United Airlines launched a new program to help “demystify” the process of requesting dismissal from military pilotsthus facilitating their hiring within the American airline.
United’s military pilot program allows aviators to meet the requirements in terms of civil pilots while finishing their military career. It therefore offers “a simpler path for military pilots who choose to separate” of the Army, Michael Cooper, United’s senior manager of pilot strategy, told Military Times.
There are approximately 16,000 United pilots, of which more than 3,000 have served or are currently serving in a reserve component. United has hired more than 4,000 pilots in the past 24 months and plans to add 10,000 more this decade. The American major also plans to receive around 700 new planes by 2032. “We truly value the experience and quality of character represented by our veteran population”, justified Michael Cooper who does not speak on the subject of a shortage of pilots. Several parts of the program “will demystify” and will streamline the transition, Cooper said. “We will interview them (and) make them a conditional offer of employment before they have met all of our hiring requirements.” One of the keys is for United to be able to talk to active duty pilots “just as they are starting to consider leaving the military and thinking about joining a civilian airline.”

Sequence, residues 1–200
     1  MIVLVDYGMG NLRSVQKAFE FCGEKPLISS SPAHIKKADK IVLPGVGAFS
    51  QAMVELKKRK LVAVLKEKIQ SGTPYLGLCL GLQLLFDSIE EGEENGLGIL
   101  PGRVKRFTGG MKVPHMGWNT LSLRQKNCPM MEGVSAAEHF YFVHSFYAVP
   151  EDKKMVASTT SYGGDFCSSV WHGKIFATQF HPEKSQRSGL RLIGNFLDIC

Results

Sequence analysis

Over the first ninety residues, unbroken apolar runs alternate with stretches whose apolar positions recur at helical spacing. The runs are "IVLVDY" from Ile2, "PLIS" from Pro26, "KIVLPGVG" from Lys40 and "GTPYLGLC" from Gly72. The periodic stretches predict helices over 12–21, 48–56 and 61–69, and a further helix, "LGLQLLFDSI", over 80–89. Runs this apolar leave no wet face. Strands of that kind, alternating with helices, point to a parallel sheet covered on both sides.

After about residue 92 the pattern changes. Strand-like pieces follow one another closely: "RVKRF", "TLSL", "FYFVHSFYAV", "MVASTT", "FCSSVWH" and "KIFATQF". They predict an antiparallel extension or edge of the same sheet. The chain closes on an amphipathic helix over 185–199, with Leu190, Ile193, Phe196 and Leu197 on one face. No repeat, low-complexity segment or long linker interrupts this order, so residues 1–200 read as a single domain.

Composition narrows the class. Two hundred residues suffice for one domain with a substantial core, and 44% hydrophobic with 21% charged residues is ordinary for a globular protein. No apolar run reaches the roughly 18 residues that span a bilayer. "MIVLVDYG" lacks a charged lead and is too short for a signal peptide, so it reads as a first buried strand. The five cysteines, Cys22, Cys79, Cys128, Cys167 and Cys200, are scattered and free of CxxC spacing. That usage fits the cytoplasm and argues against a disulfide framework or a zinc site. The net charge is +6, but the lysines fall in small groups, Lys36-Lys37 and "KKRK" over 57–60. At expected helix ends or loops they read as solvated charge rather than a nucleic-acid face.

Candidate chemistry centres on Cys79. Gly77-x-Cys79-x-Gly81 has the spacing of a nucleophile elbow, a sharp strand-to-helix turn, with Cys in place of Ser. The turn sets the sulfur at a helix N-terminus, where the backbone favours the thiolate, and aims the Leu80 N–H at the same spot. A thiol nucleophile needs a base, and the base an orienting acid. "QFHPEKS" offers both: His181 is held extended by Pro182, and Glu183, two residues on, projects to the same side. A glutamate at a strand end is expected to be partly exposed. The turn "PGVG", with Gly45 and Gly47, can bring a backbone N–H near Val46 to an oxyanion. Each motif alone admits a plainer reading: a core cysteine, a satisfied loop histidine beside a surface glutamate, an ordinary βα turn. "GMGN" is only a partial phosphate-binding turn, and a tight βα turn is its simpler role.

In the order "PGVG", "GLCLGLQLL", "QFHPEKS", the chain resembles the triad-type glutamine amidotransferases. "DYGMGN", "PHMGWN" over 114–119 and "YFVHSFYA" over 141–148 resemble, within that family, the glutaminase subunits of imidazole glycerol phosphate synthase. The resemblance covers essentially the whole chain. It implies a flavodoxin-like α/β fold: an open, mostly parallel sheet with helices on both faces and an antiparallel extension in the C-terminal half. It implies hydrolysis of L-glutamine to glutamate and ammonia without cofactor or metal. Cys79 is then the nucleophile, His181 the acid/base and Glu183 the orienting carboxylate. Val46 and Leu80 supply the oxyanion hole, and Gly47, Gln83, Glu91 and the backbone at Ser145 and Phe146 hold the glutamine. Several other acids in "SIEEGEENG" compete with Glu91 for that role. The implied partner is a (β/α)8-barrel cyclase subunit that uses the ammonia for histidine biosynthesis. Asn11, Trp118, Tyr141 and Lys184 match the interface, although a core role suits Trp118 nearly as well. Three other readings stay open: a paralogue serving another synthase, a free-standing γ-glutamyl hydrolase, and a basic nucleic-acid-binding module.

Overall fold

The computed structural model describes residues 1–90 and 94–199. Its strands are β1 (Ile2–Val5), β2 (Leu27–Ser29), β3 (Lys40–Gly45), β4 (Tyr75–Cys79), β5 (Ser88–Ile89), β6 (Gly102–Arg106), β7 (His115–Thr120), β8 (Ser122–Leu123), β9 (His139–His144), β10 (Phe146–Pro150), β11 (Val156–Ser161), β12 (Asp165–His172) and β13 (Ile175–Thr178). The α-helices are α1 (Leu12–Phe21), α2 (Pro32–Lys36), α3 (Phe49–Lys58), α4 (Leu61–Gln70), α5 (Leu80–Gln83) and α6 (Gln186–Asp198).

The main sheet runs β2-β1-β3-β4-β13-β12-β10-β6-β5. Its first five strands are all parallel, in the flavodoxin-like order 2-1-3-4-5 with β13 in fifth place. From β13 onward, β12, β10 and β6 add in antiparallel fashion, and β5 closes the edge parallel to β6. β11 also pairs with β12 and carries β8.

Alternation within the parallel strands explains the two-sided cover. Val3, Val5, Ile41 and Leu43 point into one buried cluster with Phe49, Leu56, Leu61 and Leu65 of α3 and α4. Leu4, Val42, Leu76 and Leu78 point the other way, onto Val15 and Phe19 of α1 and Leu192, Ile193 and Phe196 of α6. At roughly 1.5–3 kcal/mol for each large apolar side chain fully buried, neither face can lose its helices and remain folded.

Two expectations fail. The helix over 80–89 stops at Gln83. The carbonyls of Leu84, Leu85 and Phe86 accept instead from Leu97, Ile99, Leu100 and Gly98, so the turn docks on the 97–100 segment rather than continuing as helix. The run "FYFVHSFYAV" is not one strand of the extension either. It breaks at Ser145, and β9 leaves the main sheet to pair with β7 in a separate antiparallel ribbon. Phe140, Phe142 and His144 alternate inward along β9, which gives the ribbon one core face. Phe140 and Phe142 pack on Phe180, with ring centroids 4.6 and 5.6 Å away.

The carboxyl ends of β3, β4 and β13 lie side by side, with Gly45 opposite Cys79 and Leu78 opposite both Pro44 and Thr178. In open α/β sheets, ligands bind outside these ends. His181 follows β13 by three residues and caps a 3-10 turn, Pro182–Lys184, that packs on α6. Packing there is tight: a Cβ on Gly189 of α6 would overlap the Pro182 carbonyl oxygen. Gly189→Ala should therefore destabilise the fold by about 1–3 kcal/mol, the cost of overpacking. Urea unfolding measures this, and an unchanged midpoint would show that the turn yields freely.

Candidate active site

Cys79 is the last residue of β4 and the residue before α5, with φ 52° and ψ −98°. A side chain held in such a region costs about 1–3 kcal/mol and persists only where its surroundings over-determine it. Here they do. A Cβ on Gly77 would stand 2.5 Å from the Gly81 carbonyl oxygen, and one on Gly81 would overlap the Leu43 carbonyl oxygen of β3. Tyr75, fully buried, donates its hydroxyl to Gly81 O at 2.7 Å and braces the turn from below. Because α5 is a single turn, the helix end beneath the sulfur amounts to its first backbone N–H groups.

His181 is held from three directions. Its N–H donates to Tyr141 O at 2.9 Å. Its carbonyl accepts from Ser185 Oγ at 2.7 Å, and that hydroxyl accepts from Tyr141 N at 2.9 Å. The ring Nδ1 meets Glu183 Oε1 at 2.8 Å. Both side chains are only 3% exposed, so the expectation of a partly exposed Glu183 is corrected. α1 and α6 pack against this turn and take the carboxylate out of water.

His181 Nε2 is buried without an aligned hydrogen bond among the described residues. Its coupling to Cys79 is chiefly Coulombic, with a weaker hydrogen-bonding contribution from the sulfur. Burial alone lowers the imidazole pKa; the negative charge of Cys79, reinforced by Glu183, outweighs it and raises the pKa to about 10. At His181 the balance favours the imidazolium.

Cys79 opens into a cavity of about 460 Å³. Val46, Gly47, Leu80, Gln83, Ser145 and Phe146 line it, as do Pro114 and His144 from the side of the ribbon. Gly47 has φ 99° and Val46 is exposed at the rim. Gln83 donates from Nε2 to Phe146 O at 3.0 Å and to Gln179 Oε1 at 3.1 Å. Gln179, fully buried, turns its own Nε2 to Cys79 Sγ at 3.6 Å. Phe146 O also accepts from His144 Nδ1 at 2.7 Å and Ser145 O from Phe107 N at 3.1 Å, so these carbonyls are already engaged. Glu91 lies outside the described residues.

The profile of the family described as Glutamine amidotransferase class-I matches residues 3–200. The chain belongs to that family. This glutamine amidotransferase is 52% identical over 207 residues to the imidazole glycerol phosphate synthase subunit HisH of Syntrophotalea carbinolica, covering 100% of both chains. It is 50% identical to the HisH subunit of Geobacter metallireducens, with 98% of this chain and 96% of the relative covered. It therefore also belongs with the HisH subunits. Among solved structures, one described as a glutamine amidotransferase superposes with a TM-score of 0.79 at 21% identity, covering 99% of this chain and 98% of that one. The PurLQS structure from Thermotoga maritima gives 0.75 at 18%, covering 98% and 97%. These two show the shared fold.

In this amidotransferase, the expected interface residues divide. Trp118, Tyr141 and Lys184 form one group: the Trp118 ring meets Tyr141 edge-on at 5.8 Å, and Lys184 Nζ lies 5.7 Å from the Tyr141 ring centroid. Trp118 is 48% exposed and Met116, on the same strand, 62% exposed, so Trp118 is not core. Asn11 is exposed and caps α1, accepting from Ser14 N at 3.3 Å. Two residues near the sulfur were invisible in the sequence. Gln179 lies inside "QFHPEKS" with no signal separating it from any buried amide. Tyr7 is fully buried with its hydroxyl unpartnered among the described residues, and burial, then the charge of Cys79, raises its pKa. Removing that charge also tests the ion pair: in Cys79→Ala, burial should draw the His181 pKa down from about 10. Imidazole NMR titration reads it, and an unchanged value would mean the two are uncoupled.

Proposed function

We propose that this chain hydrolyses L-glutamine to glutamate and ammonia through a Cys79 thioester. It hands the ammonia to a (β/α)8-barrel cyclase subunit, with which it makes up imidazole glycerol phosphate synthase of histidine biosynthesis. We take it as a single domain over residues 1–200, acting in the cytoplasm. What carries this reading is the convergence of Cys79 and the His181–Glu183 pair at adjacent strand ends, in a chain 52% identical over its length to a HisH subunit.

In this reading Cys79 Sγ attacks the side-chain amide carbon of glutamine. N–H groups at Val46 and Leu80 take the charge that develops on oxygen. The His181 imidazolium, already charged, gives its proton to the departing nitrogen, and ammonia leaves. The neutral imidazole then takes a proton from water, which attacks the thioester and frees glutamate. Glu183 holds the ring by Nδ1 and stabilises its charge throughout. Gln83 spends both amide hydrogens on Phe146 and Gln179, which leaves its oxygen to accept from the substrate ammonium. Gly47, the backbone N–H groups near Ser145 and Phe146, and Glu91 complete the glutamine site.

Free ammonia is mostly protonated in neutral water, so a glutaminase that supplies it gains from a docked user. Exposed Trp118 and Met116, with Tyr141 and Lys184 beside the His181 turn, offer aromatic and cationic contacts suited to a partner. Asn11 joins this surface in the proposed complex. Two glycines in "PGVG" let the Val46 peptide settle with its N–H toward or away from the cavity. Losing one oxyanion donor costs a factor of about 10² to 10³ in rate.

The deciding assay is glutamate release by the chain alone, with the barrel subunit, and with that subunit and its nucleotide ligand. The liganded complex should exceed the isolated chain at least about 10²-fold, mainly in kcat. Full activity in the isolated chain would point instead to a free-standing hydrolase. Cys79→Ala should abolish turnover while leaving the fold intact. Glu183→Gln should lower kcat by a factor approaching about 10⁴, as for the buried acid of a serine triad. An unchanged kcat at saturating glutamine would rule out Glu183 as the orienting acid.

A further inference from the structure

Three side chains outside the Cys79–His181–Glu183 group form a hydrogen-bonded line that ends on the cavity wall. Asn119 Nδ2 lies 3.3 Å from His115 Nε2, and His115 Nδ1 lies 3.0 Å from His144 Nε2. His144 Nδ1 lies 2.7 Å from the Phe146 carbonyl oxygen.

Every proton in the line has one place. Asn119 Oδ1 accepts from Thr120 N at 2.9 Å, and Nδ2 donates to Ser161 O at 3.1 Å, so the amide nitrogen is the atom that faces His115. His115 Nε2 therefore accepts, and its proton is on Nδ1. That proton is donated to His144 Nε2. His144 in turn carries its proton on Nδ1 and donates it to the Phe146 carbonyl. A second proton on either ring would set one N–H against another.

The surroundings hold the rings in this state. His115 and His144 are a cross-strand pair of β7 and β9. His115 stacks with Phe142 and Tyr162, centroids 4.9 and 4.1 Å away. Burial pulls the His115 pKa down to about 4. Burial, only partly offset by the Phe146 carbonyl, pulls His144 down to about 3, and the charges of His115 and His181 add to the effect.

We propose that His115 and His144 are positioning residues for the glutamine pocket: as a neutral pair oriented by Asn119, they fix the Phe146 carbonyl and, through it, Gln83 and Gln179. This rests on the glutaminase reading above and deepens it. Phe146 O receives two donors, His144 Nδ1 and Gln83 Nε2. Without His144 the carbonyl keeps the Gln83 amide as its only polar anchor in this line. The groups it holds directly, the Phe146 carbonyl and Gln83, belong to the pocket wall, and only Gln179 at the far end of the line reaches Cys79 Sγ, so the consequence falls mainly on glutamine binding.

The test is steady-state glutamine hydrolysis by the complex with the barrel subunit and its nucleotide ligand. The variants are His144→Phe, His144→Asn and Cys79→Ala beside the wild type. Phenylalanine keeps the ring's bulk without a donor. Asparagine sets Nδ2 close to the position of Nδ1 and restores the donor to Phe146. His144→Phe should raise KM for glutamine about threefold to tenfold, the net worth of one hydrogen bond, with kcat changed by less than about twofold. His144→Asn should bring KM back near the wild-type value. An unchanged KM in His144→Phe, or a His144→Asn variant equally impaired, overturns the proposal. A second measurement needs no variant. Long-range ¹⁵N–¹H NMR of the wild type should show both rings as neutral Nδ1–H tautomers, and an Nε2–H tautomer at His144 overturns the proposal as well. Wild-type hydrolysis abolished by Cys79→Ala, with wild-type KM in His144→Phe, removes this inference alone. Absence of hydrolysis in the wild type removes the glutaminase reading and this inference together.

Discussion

Another key measure to attract them is that military pilots will not need to have a airline pilot certificate before applying to United. This certificate, the highest certificate from the Federal Aviation Administration (FAA), requires certain tests and a minimum flight hours. Military pilots do not need to have the ATP certificate, unlike civilian airline pilots. The program “Pilot Buddies” of United will pair active-duty members with a United pilot currently in the air, who will help them navigate the complexities of dealing with the FAA and obtaining certification ATP before joining United.
Additionally, soon after starting United’s training program, they will find out which United base they will be assigned to, which could allow them to plan their final shift as a permanent military member to that location – a significant savings for families of soldiers.